We enrolled patients younger than 18 years presenting within 24 h of head trauma with Glasgow Coma Scale scores of 14-15 in 25 North American emergency departments. We derived and validated age-specific prediction rules for ciTBI (death from traumatic brain injury, neurosurgery, intubation >24 h, or hospital admission >or=2 nights).
We enrolled and analysed 42 412 children (derivation and validation populations: 8502 and 2216 younger than 2 years, and 25 283 and 6411 aged 2 years and older). We obtained CT scans on 14 969 (35.3%); ciTBIs occurred in 376 (0.9%), and 60 (0.1%) underwent neurosurgery. In the validation population, the prediction rule for children younger than 2 years (normal mental status, no scalp haematoma except frontal, no loss of consciousness or loss of consciousness for less than 5 s, non-severe injury mechanism, no palpable skull fracture, and acting normally according to the parents) had a negative predictive value for ciTBI of 1176/1176 (100.0%, 95% CI 99.7-100 0) and sensitivity of 25/25 (100%, 86.3-100.0). 167 (24.1%) of 694 CT-imaged patients younger than 2 years were in this low-risk group. The prediction rule for children aged 2 years and older (normal mental status, no loss of consciousness, no vomiting, non-severe injury mechanism, no signs of basilar skull fracture, and no severe headache) had a negative predictive value of 3798/3800 (99.95%, 99.81-99.99) and sensitivity of 61/63 (96.8%, 89.0-99.6). 446 (20.1%) of 2223 CT-imaged patients aged 2 years and older were in this low-risk group. Neither rule missed neurosurgery in validation populations.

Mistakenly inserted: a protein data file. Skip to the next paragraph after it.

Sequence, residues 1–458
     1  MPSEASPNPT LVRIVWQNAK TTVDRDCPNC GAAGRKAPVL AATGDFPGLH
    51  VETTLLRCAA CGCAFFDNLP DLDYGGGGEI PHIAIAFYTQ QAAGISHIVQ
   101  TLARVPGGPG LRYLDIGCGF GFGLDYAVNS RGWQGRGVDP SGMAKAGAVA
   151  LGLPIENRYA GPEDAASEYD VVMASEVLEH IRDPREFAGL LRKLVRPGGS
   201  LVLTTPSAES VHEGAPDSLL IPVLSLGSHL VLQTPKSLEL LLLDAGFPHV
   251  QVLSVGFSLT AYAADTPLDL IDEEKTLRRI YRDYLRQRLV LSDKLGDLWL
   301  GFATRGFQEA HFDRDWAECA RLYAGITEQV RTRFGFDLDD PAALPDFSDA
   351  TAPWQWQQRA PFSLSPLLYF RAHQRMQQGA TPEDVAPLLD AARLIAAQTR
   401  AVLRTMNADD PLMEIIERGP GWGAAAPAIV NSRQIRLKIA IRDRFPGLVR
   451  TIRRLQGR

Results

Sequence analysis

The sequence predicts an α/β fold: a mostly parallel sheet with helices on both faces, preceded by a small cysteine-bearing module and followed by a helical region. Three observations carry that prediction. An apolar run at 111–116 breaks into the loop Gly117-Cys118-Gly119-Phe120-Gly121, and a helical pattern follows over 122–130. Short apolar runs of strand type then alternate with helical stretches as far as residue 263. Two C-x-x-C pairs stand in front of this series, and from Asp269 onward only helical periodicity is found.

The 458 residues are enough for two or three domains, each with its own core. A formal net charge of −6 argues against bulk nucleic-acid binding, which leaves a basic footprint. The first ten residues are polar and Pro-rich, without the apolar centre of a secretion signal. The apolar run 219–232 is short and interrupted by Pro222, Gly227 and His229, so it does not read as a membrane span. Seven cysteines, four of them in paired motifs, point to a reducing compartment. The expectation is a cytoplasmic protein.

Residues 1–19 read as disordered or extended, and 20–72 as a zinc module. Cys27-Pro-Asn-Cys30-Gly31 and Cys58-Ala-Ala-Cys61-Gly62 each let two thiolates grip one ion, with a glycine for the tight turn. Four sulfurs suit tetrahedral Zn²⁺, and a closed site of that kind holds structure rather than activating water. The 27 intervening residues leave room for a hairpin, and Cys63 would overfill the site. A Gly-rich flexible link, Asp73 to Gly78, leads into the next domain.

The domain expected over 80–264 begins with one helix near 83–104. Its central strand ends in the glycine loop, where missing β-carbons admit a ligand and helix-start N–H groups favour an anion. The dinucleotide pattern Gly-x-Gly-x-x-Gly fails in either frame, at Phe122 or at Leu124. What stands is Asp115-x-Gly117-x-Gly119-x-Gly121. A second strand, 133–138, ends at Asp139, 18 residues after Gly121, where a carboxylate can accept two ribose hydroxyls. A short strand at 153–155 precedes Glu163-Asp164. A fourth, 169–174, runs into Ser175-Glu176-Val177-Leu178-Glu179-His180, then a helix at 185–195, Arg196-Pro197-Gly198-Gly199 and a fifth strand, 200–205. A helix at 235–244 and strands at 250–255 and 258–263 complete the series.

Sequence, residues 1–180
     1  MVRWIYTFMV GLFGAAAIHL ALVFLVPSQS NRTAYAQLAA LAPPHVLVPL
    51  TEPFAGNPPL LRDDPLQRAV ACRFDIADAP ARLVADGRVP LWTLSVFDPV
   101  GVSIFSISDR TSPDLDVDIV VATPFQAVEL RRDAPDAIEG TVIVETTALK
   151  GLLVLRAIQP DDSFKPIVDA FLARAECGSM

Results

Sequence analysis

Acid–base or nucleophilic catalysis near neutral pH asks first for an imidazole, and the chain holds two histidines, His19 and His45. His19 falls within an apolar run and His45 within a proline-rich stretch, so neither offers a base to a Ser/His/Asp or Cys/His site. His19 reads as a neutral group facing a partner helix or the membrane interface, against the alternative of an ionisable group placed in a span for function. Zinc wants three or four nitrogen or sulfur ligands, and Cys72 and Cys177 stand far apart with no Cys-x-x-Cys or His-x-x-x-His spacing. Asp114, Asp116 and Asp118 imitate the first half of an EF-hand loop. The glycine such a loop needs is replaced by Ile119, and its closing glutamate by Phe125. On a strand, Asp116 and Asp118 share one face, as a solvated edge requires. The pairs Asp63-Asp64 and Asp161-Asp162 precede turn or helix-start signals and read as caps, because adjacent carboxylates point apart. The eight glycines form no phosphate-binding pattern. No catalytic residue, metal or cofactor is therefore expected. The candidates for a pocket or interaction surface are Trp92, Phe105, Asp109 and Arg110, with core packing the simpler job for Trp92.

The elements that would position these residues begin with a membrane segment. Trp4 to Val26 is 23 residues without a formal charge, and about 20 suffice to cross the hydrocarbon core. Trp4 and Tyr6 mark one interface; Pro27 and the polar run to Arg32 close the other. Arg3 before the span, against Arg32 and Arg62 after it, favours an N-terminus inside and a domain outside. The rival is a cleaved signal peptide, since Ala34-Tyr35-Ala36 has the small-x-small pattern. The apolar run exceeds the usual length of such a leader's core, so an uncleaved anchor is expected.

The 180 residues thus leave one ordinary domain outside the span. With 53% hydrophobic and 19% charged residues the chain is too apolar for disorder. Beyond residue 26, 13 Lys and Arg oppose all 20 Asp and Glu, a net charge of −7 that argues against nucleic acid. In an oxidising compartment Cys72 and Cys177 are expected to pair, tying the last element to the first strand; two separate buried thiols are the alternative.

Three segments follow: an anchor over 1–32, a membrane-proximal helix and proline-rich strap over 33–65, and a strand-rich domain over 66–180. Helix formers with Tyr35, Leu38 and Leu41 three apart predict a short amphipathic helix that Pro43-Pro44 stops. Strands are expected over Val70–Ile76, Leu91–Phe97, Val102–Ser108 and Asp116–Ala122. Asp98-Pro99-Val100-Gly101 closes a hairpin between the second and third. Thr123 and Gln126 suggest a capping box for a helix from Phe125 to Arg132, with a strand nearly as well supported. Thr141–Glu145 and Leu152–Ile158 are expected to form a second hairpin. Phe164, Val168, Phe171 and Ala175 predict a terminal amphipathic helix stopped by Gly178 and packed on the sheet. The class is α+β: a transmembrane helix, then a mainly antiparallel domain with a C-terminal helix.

These validated prediction rules identified children at very low risk of ciTBIs for whom CT can routinely be obviated.
The Emergency Medical Services for Children Programme of the Maternal and Child Health Bureau, and the Maternal and Child Health Bureau Research Programme, Health Resources and Services Administration, US Department of Health and Human Services.